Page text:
article 50 and indyref2 no problem for the pound 1846542017

It’s been an interesting day for the UK, speculation is growing that Theresa May will trigger Article 50 on Tuesday, after a bid by Europhile […]

Blue avatar for guest contributors
By :  ,  Financial Analyst

It’s been an interesting day for the UK, speculation is growing that Theresa May will trigger Article 50 on Tuesday, after a bid by Europhile MPs to block the Brexit bill looks set to fail. Then there was the announcement that Scotland will seek to hold a second independence referendum.

Pound performance undeterred by political risks

We are about to enter the thick end of the Brexit negotiations and the UK may be broken up but the pound is the strongest currency in the G10 so far today and the FTSE 100 is one of the leading European equity performers. The reason that UK asset prices have been able to bat off Article 50 concerns and a Scottish independence vote so easily is all about expectations. The market may actually experience a sigh of relief once Article 50 is triggered, at least it gets rid of the uncertainty, and we always knew that it was going to happen by the end of March, so a couple of weeks’ early isn’t going to cause panic in the currency markets.

Too early to price in Scottish independence?

A second referendum for Scotland is also not a key event risk for UK asset markets right now for a couple of reasons: firstly, Nicola Sturgeon didn’t give an actual date for this referendum, it could happen sometime between 2018 and 2019, which is probably too far in the future for the markets to start worrying and pricing in the break up of the United Kingdom. Also, the latest opinion polls suggest that a second referendum would go the same way as the first, and the majority of voters would choose to stay in the United Kingdom. While opinion polls still can’t be fully trusted, it’s enough, at this stage, to keep UK markets calm.

A word on positioning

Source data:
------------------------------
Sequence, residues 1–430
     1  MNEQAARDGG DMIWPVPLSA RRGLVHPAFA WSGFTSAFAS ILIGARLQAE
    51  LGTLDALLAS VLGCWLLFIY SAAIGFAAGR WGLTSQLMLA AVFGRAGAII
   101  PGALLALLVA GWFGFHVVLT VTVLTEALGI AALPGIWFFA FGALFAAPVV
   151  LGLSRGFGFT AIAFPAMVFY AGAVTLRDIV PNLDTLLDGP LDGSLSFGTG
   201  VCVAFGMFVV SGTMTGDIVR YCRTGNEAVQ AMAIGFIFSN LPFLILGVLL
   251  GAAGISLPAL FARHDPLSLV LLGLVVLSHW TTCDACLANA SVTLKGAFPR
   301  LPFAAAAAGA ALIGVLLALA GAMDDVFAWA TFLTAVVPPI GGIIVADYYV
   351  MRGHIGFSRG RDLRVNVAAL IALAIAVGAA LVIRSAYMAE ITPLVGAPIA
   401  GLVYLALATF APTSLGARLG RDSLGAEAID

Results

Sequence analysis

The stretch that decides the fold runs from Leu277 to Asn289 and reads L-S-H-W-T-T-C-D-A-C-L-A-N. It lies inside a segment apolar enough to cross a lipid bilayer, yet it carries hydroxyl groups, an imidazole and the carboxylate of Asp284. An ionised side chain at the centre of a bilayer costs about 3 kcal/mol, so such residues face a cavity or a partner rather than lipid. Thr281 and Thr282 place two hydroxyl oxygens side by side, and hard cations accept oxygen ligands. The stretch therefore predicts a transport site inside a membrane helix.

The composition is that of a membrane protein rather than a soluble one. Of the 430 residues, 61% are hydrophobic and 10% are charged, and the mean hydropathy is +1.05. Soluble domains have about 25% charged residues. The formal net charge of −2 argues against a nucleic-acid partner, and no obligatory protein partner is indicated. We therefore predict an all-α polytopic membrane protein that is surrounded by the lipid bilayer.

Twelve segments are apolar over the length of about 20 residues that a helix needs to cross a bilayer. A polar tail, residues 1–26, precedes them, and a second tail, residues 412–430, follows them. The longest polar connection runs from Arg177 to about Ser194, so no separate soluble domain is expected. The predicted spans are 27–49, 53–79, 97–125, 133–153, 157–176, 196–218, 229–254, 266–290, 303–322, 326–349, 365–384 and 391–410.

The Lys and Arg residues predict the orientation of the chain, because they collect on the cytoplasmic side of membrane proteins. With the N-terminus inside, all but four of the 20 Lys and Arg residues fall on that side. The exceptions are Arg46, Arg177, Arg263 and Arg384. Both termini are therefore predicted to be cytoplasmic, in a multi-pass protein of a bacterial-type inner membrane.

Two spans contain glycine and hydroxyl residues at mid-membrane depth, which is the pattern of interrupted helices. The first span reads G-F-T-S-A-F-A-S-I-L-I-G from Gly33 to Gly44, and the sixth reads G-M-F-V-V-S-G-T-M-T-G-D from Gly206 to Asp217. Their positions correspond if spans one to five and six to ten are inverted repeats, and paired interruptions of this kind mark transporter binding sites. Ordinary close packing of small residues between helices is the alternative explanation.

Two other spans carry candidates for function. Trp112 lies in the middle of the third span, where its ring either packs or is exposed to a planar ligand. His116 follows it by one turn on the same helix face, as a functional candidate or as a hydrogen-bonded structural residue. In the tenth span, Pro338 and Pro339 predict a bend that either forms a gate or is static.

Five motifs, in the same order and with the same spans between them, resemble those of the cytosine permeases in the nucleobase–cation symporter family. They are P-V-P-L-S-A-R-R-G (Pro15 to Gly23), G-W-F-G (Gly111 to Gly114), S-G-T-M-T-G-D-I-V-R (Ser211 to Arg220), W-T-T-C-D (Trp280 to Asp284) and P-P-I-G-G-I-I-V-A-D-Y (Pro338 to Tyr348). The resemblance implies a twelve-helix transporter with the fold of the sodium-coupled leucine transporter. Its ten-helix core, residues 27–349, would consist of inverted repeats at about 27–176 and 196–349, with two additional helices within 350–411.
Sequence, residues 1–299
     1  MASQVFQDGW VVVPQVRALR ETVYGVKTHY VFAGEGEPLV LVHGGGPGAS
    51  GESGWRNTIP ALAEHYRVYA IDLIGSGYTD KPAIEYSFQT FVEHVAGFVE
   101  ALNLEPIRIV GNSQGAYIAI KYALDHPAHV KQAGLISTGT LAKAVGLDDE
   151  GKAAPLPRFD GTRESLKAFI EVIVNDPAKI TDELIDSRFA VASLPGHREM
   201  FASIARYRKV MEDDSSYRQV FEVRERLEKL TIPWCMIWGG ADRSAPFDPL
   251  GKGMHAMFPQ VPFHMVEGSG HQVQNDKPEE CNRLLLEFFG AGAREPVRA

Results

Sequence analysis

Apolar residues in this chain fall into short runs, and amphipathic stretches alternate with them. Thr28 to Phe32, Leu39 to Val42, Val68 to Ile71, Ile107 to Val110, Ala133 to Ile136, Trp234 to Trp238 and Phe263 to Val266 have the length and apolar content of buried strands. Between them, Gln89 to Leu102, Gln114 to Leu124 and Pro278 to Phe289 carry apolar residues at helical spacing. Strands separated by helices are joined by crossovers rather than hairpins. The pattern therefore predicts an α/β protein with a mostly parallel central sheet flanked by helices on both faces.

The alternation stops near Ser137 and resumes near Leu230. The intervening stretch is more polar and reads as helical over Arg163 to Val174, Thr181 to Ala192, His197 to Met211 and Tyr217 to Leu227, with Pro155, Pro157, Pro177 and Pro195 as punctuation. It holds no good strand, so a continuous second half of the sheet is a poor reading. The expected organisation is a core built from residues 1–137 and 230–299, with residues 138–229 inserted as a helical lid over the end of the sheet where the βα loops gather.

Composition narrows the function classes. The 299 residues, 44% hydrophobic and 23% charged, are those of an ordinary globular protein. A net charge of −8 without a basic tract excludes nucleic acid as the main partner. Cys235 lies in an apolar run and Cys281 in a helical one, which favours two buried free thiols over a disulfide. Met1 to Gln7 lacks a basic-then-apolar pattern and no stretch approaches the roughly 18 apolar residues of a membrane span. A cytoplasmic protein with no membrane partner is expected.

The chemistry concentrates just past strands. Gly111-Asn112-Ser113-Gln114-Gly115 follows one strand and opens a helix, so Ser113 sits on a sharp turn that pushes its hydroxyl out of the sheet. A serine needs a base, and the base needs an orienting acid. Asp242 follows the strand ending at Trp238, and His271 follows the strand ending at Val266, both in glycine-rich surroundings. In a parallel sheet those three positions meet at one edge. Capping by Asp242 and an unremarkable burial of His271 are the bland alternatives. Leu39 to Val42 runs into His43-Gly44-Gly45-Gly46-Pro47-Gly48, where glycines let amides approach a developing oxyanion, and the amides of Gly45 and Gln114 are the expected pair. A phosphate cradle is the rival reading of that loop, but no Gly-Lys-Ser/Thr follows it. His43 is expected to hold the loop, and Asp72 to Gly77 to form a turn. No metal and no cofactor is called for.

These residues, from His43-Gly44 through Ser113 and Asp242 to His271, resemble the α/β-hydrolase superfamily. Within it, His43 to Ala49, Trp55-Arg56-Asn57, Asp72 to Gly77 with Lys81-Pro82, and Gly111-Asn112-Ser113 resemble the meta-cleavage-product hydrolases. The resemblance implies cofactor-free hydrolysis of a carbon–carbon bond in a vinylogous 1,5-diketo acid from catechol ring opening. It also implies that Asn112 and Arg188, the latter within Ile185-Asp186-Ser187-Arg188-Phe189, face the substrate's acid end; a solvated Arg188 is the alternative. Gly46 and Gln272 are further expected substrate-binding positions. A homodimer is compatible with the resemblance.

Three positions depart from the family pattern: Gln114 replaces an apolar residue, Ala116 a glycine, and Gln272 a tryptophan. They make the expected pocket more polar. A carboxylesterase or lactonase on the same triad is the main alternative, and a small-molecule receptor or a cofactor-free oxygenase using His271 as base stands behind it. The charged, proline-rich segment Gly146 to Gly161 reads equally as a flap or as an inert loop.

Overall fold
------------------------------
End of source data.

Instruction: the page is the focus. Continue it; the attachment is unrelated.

Market dynamics are also at play at the start of the week. The latest speculative positioning data from the CFTC showed that the number of GBPUSD short positions last week rose for the fifth straight week to their highest level since November. With the FOMC meeting and Dutch elections this week, perhaps the market is too bearish on the pound on the back of Brexit and indyref risks that could take years to materialise?

We don’t believe that the triggering of Article 50 will, by itself, be negative for the pound, of more concern will be the European Union’s reaction to it and their stance during the Brexit negotiations, which we won’t know for a few weeks. While there are many longer-term risks for the pound, in the short term, we think that GBPUSD could extend gains to 1.24, especially if the Fed dot plot on Wednesday is not as hawkish as some expect. Cable is also due a reprieve after eh UK-US yield spread reached a record low. While this yield spread is still sterling negative, at these extended levels we should expect a pullback.

Euro risks on the doorstep

The pound also looks like it could stage a meaningful recovery versus the euro, where political risks in the Netherlands are literally on the doorstep. In EURGBP a retreat to 0.85 – a cluster of moving average support –  could be on the cards.

All eyes will be on Theresa May tomorrow, if she fails to trigger Article 50 we could actually see some sterling weakness, as the market might be disappointed that the time for Brexit negotiations to begin have been delayed. It’s a funny old world…

Related tags:

Open an account today

Experience award-winning platforms with fast and secure execution.

Web Trader platform

Our sophisticated web-based platform is packed with features.
Economic Calendar